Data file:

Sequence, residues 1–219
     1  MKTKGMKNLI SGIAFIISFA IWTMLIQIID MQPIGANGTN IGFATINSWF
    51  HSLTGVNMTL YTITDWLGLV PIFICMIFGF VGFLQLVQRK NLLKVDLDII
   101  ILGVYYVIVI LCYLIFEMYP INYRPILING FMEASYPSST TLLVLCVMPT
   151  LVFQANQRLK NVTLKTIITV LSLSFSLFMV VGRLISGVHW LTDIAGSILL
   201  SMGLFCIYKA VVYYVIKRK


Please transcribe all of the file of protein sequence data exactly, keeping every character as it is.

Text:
Sequence, residues 1–219
     1  MKTKGMKNLI SGIAFIISFA IWTMLIQIID MQPIGANGTN IGFATINSWF
    51  HSLTGVNMTL YTITDWLGLV PIFICMIFGF VGFLQLVQRK NLLKVDLDII
   101  ILGVYYVIVI LCYLIFEMYP INYRPILING FMEASYPSST TLLVLCVMPT
   151  LVFQANQRLK NVTLKTIITV LSLSFSLFMV VGRLISGVHW LTDIAGSILL
   201  SMGLFCIYKA VVYYVIKRK